BIO 3520 Tropical Biology of Belize
A field ecology course taught in the Central American nation of Belize. The course examines historical and current human land use patterns in Belize through visits to two Mayan ruins (i.e., Xunantunich and Caracol) that date from the Early Classic and Classic Mayan periods. Students spend several days in southern Belize living at the Las Cuevas Research Station located in the Chiquibul Forest Reserve Tropical rain forest (TRF) structure and ecology is presented using lecture, field trips, and a student research project. The remainder of the course is spent on an island situated on the Belize Barrier Reef. Reef ecology, mangrove ecology, and other elements of marine biology are covered during this portion of the course. Morning and evening lectures are used to introduce and review concepts highlighted during daily field trips. Field trips at this location involve snorkeling and SCUBA diving trips to sites near Southwater Caye.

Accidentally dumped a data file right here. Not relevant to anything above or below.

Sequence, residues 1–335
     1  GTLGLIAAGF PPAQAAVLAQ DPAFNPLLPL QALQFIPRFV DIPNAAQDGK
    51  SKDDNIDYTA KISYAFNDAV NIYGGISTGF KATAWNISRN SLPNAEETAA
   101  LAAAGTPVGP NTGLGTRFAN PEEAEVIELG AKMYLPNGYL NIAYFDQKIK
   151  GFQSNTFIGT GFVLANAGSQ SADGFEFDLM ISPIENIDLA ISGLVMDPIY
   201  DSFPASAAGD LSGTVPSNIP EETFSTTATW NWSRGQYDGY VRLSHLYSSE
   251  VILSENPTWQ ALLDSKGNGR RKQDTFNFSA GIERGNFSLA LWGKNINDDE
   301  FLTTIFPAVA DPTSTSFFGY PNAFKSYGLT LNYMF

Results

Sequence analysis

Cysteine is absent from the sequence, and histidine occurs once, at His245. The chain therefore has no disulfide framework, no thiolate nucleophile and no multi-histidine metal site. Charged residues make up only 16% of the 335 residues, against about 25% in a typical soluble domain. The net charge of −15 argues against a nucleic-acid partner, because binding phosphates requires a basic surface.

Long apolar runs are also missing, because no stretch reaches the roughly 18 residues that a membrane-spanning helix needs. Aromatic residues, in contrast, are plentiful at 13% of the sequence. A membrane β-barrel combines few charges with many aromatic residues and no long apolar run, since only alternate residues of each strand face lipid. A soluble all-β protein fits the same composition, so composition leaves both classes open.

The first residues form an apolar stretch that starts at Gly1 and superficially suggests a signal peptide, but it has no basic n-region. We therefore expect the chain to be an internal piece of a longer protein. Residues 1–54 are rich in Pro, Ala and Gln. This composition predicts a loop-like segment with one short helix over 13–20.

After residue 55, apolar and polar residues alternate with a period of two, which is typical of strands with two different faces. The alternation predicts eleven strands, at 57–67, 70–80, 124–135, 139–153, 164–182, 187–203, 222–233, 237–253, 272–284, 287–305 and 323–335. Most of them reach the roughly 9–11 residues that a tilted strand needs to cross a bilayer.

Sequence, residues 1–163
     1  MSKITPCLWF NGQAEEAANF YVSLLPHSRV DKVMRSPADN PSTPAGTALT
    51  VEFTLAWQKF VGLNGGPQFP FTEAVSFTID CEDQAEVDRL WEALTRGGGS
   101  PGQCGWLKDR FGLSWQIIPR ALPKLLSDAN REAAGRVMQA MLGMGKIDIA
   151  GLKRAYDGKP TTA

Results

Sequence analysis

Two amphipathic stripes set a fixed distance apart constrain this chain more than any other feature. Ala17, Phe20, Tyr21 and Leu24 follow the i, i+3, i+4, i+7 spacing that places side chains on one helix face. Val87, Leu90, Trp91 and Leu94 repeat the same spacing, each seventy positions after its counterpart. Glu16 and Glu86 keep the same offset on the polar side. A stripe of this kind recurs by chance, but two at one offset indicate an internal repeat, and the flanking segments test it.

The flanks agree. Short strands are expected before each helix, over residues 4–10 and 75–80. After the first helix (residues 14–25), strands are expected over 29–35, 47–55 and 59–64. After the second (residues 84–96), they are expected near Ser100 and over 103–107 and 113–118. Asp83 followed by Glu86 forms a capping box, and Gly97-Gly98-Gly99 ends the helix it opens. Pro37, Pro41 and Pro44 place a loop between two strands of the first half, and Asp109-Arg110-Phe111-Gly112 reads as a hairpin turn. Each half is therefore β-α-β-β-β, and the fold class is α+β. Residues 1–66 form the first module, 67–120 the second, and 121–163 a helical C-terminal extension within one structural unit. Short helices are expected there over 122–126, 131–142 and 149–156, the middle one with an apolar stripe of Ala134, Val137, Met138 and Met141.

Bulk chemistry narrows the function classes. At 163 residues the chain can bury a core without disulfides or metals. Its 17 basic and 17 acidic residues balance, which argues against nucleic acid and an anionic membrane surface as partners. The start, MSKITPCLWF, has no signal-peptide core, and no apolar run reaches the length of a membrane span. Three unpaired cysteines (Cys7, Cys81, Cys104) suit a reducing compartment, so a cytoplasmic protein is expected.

Prerequisite(s): BIO 1400 Introduction to Biological Inquiry or permission of the instructor.
.Students will be introduced to biology by actively engaging in research on a variety of biological topics. This inquiry-based and student-centered approach will expose to students to the methods of scientific inquiry and asociated content in an engaging and meaningful way. Specific topics will vary across years and among offered sections but can include such diverse areas as: antipredator behavior, plant viral gene expression, belly button biology, and bacteriophage genomics. Using the research topic as a guide, students will also explore traditional introductory biology content areas.
(Normally offered each semester.)